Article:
Net Neutrality Brings Foes Together

    June 19, 2008
    WebProNews Staff

Conservative Instapundit blogger Glenn Reynolds did the unthinkable today: He agreed with a liberal, which is likely against stricter interpretations of The Conservative Thought Bubble Creed (Hannity, Defense Against Liberal Arts, pg. 1).  Worse, the liberal is employed by, with whom agreement is punishable by excommunication and revocation of golf club membership (Limbaugh, chapters 7 and 11, El Rushbo’s Guide To Neo-Conduct).

The issue making a crossing of the political aisle a much shorter trip: Net Neutrality.

Likely expecting a fiery debate on every topic during WNYC’s Brian Lehrer’s interview of Reynolds and MoveOn’s Adam Green, Lehrer was greeted at the 23-minute mark with sudden conservative/liberal kinship. Green lauded the "people-powered" Internet with its "people powered" politics and noted Net Neutrality was something both the left and right agreed about.

And sure enough, Reynolds said that was true before comparing ISP intentions to the payola scandals of the music/radio industry. "And the concern, which I think is completely legitimate, is that if big sites can engage in what’s basically payola for better treatment people will start visiting them more because they load faster and start paying less attention to troublesome little guys such as myself because our sites don’t load as well, don’t display as well, and don’t play on the same field."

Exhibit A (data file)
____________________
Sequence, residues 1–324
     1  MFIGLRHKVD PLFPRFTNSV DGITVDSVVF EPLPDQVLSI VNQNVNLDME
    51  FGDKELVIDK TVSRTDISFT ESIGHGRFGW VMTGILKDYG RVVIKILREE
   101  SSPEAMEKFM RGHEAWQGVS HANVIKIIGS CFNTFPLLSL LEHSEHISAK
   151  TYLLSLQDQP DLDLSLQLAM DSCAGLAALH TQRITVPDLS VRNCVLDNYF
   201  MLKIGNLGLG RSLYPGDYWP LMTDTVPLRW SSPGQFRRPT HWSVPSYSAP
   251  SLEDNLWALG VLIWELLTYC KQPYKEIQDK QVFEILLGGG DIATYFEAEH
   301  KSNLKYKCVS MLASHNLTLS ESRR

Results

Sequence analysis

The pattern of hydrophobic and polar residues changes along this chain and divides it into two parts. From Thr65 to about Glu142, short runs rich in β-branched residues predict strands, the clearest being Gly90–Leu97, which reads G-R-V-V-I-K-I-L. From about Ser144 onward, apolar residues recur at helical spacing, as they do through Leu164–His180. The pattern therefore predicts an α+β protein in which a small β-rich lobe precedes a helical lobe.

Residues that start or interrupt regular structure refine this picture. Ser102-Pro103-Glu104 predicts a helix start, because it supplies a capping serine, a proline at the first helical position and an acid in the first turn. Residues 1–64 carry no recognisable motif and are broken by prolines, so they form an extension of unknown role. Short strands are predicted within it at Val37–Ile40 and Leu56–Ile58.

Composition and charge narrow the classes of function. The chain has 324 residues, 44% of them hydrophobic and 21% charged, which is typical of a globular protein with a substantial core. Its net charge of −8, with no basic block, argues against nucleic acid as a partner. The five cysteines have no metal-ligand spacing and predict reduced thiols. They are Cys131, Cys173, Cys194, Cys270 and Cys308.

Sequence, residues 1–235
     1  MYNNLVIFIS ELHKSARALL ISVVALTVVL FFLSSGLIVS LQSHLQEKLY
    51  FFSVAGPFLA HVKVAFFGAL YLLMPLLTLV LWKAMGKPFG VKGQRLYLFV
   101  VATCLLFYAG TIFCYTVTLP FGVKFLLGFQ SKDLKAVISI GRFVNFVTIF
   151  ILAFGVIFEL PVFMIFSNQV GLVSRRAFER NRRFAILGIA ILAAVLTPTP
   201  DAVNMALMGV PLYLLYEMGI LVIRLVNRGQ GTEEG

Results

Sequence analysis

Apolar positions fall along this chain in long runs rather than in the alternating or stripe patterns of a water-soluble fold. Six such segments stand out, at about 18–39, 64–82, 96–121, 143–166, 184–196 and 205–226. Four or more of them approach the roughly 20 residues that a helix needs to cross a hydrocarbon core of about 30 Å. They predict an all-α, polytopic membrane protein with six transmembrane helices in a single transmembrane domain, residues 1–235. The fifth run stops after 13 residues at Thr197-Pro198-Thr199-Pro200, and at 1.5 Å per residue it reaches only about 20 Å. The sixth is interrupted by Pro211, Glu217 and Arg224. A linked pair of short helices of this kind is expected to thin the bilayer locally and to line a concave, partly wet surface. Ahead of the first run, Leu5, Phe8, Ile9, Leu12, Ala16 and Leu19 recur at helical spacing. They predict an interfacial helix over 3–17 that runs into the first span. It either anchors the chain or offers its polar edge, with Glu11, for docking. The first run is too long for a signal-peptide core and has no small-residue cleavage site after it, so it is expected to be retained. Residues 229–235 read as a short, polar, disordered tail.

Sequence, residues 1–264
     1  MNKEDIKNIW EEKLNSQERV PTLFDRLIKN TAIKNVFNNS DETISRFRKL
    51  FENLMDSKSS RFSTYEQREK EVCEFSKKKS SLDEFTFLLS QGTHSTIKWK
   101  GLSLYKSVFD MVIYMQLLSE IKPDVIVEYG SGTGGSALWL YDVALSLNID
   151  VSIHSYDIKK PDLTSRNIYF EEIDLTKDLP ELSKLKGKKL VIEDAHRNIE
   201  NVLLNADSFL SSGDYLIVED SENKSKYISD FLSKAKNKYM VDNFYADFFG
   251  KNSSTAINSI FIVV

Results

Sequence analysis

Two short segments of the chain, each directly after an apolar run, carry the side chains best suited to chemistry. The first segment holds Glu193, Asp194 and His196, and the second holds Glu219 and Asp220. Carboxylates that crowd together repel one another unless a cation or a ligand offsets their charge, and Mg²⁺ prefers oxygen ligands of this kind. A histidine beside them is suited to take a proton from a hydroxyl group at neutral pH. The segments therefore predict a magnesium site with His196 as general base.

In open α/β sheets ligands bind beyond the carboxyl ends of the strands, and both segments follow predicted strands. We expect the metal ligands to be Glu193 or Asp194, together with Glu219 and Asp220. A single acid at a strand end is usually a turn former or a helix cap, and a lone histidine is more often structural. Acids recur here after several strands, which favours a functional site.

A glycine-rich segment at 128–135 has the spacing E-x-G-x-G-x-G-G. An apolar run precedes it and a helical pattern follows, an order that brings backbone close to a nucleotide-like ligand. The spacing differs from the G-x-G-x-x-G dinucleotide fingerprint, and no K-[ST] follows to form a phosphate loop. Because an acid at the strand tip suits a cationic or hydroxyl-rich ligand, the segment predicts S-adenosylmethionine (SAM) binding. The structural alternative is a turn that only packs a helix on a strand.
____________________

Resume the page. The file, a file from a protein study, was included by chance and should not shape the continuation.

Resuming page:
Previously, Reynolds said the conservatives who have stuck with their non-regulatory ideals with regard to Net Neutrality are afraid enforcing a neutral net will lead to regulating ISPs as common carriers, just like telephone companies.

"I understand the point but the fact is that most of them are common carriers, the telephone company that provides my DSL certainly [is] already. And the genius of the Internet has been that it is a level playing field. When you go to visit my site, when you go to visit the New York Times site, when you go to visit or whatever, they’re sort of all out there in the same place and you can seamlessly go from one to another and that really does elevate the little guy."

So far that level playing field has created some powerful players like the founders of Google, eBay, and even Instapundit and MoveOn themselves. In what other time in history could somebody like Robert Scoble interview the Speaker of the House of Representatives?

Twitter reveals Craigslist founder Craig Newmark is in DC today, too. His lunchtime tweet: Bar at National Press Club (what am I doing here?).

No doubt the neutral net has been a springboard for many a self-starter; conservatives and liberals both seem to get that, and want to keep the springboard springy.